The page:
Rachel Baldwin firstname.lastname@example.org
October 11, 2013
CHARLESTON, W.Va. — A corruption investigation of local government in Mingo County continued to widen Wednesday, when U.S. Attorney Booth Goodwin filed an information outlining cases that investigators have built against Mingo County Prosecutor C. Michael Sparks and Mingo County Magistrate Dallas Toler, who both resigned from office earlier that same day.
The order against Sparks reads as follows:
“In or about February of 2013, George White was charged with drug-related criminal offenses in circuit court in Mingo County. In or about March 2013, Baisden and the late Sheriff, Eugene Crum, learned that White, with the assistance of his criminal defense attorney, Charles ‘Butch’ West, was providing information to the news media and possibly to federal law enforcement officials about criminal conduct by the sheriff.
“David Baisden (since then indicted and resigned from office) and the sheriff advised Prosecutor Sparks that they would seek to coerce White into firing West in order to prevent the defendant and his attorney from further providing information about criminal conduct by the sheriff. Baisden, through a known messenger, then offered White a more favorable plea agreement if he would fire West. In response, White did fire West and replaced him with Attorney Ron Rumora.
“After White fired West, Sparks entered into a plea agreement with White under which three of the five criminal counts pending against White were dismissed. As part of the plea agreement, Sparks also accepted a forfeiture from White of $10,000, which was $10,000 less than the forfeiture Sparks originally intended to seek from White. Moreover, as part of the agreement, Sparks agreed to recommend that the sentences for the two counts to which White would plead guilty would run concurrently rather than consecutively. Sparks negotiated this plea agreement in part with Baisden himself and, at Baisden’s behest, entered into a plea agreement more favorable than he otherwise would have. Sparks did these acts knowing that a more favorable plea agreement for White was a necessary part of the scheme to coerce White into firing West in order to protect Sheriff Crum. Because Sparks was the County Prosecuting Attorney, his cooperation in this regard was necessary to the scheme’s success.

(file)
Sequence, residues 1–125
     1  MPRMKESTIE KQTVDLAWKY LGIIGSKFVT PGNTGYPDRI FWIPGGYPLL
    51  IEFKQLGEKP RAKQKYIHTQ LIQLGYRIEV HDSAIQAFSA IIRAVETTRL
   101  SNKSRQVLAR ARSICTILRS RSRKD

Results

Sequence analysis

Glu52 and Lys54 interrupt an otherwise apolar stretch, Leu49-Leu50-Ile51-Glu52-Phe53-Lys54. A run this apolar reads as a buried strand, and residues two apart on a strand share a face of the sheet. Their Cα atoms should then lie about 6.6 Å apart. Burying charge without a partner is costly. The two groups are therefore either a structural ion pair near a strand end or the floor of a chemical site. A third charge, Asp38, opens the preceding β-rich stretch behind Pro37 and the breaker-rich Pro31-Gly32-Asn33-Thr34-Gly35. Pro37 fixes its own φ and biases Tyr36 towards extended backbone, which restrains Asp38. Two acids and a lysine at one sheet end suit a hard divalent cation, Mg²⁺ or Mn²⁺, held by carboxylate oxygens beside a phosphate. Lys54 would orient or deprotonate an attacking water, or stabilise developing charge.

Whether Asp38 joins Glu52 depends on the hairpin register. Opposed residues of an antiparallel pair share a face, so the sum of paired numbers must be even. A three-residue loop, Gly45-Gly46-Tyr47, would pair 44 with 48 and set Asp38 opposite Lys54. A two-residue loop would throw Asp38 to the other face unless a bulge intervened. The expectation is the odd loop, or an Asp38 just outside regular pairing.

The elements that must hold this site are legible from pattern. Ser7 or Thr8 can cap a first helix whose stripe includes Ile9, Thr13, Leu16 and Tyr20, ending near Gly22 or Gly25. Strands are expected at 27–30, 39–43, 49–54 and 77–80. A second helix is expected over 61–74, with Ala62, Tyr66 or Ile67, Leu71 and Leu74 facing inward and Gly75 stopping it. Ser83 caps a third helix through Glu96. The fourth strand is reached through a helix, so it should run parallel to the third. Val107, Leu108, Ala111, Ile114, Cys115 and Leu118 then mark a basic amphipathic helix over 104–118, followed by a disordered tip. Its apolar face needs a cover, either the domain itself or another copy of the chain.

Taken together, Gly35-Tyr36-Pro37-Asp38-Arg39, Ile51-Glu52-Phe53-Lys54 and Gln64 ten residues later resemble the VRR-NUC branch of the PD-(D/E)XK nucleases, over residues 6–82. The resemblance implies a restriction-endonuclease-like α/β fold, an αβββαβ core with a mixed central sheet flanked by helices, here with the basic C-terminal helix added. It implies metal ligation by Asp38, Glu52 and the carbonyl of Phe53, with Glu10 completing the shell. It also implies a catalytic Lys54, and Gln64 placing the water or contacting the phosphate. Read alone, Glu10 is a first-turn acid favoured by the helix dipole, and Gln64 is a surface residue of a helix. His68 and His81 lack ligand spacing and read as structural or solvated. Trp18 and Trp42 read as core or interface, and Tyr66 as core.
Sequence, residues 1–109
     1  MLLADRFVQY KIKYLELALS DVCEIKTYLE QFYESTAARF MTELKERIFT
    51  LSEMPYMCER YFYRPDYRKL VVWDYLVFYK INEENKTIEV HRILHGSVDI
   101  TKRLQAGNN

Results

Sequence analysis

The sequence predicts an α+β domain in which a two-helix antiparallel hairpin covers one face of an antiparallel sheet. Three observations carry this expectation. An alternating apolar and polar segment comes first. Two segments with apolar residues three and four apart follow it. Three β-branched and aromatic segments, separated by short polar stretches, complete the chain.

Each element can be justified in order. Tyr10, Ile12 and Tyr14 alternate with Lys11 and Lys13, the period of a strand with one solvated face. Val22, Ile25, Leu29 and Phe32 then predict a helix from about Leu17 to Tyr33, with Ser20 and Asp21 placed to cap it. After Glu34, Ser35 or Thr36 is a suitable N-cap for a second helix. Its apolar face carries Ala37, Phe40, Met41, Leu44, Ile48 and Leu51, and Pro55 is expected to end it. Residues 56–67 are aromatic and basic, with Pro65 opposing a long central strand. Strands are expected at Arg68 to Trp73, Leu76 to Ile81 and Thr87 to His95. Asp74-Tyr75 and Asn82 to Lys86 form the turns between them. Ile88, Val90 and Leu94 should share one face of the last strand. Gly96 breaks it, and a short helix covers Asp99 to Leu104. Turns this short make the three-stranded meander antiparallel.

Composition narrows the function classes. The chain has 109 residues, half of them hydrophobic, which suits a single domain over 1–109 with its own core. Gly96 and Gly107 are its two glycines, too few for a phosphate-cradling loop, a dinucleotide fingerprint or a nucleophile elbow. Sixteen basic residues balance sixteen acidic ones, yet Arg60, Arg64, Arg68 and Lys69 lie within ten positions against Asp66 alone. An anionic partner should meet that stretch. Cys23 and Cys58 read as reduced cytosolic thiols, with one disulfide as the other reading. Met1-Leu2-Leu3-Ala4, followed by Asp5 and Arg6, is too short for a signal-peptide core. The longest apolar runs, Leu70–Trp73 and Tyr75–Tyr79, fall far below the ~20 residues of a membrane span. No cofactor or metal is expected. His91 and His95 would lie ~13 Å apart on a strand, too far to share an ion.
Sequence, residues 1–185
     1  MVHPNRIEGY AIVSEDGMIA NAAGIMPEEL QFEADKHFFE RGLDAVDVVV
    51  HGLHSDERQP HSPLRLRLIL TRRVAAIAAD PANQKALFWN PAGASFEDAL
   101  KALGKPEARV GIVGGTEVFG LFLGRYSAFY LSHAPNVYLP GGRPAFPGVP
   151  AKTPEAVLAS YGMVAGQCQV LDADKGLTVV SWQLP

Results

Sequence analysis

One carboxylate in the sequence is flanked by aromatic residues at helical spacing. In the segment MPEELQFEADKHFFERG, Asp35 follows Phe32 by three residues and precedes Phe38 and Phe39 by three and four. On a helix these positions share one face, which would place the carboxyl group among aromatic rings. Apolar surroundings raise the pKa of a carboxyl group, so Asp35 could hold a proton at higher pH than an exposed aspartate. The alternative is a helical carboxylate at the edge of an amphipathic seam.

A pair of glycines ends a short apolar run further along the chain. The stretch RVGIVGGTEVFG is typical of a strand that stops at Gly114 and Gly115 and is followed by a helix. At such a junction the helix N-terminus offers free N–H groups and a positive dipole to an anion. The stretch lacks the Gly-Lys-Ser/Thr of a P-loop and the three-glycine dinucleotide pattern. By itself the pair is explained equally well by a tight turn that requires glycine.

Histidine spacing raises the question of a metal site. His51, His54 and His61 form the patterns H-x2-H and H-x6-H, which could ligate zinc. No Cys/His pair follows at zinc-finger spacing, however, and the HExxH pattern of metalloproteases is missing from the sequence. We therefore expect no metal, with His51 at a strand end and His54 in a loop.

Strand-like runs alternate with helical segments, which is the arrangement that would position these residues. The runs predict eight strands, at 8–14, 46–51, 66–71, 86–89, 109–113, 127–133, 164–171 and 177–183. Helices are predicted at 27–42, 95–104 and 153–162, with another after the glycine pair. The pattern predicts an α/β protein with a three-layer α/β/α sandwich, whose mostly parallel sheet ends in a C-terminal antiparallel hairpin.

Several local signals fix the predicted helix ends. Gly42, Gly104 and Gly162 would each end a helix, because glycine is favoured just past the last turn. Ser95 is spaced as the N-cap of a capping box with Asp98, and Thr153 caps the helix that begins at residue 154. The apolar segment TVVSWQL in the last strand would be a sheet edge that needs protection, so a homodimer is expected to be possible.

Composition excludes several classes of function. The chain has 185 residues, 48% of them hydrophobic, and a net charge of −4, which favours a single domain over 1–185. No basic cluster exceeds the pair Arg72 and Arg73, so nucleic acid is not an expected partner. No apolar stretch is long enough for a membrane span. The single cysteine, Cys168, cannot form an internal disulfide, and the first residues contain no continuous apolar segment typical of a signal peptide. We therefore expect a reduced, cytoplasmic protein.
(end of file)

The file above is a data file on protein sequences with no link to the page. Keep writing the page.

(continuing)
“Wherefore, in or about March 2013, in Mingo County, WV, Sparks did, under color of law, willfully and knowingly subject George White to the deprivation of a right, privilege, and immunity secured and protected by the Constitution and the laws of the U.S., and did aid, abet and counsel others known to the U.S. Attorney in doing the same.
“This act is in violation of Title 18, U.S. Code, Sections 242 and 2 (a misdemeanor offense that carries a possible sentence of up to one year in a federal prison).”
The information against Toler reads as follows:
“In or about April of 2012 in Mingo County, WV, in an election for federal office, defendant Dallas L. Toler knowingly and willfully deprived and defrauded and attempted to deprive and defraud the residents of the State of WV of a fair and impartially conducted election process by the procurement and submission of a voter registration application that he knew to be materially false, fictitious, and fraudulent under the laws of the State of WV, in that he procured and submitted, and caused to be procured and submitted, a voter registration in the name of a person known to the U.S. Attorney which voter registration application stated that the known person was not under conviction, probation, or parole for a felony, which in truth and fact, as Toler then well knew, the known person was on probation for a felony at the time the voter registration application was completed and submitted.
“This act is in violation of Title 42, U.S. Code, Section 1973gg-10, and Title 18, U.S. Code, Section 2 (a felony that carries a possible sentence of up to five years in a federal prison).”
Arraignments of the defendants had not been scheduled as of press-time on Wednesday. Additional information will be released to the public as it is handed down by federal prosecutors.